Purpose: Past research about workplace promotion has focussed on factors that shape employees’ perceptions for promotion. Yet, we still know little about how such undesirable factors as the fear of success (henceforth FoS) syndrome and perceived workplace discrimination affect perceived promotion and even less so how this relationship is mediated by self-efficacy and intrinsic motivation. The purpose of this paper is to propose a conceptual framework integrating these factors. Design/methodology/approach: A structural equation modelling procedure was employed to empirically test the model using data collected from employees in wide-ranging Israeli industries (n=553). Findings: The path model indicates that initially, FoS and perceived discrimination negatively affect perceived chances of promotion. When however, self-efficacy and intrinsic motivation mediate this relationship, subjects perceive their promotion chances positively. Practical implications: Self-efficacy and intrinsic motivation may be employed to attenuate the potentially adverse effects of FoS and discrimination effects. Originality/value: FoS and perceived workplace discrimination are common phenomena, yet the authors show that they may be mitigated by heightened self-efficacy and amplified intrinsic motivation that help in sustaining perceived workplace promotion.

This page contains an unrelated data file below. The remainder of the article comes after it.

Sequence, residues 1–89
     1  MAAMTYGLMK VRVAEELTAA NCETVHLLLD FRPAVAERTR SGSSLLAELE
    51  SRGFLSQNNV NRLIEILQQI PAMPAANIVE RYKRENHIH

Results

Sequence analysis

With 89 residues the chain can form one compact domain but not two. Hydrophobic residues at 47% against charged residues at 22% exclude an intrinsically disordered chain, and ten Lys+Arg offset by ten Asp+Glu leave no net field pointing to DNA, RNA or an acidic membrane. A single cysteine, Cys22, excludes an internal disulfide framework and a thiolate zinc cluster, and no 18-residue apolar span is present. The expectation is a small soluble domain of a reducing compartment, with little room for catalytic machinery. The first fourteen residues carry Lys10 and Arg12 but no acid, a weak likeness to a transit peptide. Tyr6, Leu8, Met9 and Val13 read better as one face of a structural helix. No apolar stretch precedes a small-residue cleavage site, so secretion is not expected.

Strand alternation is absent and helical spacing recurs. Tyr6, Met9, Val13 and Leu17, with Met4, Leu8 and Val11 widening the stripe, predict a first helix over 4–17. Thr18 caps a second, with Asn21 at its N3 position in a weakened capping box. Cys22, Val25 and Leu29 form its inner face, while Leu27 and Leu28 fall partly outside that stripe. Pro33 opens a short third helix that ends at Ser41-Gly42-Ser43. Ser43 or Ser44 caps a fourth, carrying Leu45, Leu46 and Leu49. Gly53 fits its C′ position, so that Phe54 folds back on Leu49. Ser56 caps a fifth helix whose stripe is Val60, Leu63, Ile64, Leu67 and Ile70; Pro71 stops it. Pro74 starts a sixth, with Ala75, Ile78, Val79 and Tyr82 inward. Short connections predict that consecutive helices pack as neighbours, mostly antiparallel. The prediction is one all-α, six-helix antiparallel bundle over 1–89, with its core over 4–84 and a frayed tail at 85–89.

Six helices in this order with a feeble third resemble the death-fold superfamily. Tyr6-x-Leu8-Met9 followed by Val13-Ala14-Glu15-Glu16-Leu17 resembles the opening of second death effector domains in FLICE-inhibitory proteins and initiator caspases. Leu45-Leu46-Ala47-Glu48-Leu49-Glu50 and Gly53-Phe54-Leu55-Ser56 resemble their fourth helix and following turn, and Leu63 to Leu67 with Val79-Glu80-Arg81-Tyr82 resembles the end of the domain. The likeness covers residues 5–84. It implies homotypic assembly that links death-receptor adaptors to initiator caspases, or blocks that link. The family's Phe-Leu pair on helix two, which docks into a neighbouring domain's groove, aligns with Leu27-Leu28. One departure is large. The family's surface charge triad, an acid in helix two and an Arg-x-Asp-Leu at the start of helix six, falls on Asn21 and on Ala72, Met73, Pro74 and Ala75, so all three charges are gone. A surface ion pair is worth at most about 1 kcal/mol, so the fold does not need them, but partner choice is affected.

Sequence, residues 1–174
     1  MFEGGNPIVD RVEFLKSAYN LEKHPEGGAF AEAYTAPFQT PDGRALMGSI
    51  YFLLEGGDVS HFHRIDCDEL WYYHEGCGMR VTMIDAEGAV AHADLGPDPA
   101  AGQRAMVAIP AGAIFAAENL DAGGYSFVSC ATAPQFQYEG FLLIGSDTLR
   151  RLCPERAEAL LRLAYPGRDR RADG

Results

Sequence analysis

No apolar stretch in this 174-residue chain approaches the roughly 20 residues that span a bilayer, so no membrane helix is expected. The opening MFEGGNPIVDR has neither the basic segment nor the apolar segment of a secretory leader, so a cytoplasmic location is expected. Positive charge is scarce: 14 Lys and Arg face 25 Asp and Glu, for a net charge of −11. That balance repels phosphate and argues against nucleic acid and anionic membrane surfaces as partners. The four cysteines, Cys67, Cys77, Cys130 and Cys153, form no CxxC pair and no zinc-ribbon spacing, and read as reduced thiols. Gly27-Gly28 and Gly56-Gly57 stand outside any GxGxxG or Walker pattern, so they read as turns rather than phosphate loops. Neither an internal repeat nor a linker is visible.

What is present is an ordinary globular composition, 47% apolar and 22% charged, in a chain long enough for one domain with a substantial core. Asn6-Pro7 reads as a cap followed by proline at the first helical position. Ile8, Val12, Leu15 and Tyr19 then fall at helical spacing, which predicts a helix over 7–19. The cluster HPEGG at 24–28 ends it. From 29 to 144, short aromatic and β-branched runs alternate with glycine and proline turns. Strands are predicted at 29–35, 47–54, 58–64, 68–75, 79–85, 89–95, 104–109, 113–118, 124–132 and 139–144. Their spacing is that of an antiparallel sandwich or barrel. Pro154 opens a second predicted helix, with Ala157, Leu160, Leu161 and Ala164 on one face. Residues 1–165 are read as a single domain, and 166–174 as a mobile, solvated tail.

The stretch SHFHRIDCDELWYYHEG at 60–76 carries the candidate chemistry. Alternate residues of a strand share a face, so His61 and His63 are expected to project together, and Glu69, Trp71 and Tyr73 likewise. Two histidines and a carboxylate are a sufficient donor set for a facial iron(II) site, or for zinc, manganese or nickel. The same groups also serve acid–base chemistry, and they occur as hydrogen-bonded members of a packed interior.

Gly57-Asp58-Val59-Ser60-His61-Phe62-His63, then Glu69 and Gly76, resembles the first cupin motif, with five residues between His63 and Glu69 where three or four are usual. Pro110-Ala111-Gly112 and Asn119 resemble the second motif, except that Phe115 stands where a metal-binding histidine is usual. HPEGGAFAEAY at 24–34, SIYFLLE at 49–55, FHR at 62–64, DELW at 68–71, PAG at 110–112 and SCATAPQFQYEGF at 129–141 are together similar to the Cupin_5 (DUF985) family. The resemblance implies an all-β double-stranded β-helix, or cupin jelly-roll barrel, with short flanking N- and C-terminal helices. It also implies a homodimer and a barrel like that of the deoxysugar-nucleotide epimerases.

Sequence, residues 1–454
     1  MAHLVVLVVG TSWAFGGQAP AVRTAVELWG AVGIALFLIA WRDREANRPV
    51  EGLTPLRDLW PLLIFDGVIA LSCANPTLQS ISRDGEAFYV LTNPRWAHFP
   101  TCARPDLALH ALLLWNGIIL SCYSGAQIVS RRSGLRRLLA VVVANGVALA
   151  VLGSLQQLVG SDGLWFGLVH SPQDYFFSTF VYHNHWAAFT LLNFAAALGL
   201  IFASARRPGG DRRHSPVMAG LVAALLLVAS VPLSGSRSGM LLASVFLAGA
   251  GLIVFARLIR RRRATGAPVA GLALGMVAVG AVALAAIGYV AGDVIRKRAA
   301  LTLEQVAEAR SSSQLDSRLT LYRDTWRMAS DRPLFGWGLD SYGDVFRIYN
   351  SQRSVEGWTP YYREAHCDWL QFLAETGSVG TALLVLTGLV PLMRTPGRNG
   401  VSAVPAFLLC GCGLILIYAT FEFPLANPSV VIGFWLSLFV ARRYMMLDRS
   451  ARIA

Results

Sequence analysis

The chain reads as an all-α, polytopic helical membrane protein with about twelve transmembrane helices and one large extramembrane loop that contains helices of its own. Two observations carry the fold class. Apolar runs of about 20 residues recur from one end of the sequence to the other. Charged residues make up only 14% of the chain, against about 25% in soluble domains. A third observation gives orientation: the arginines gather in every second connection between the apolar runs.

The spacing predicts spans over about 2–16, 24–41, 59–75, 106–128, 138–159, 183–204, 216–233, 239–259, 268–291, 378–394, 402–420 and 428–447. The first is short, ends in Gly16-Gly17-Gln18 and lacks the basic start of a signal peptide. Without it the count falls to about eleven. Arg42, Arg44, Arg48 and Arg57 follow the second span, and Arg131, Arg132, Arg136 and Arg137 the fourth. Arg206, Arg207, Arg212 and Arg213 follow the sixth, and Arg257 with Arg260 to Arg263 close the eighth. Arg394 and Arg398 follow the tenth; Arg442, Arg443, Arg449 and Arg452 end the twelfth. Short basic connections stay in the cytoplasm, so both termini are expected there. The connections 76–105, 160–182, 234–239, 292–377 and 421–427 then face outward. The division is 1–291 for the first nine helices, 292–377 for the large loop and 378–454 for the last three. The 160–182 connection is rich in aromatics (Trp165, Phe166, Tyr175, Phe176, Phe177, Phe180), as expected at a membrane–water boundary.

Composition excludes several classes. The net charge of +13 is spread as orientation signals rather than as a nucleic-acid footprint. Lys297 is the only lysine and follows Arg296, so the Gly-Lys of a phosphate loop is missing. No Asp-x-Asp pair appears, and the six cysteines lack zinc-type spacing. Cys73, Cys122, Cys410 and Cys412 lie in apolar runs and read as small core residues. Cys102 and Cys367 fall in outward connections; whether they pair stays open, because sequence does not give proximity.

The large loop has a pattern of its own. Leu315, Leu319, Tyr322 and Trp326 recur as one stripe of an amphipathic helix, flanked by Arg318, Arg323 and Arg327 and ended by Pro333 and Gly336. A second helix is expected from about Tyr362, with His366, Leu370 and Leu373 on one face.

Bibliographical notePublisher Copyright:
© 2018, © Emerald Publishing Limited.
- Chance for promotion
- Fear of success
- Intrinsic motivation
- Perceived discrimination
ASJC Scopus subject areas
- Business and International Management
- Strategy and Management
- Organizational Behavior and Human Resource Management
- Management of Technology and Innovation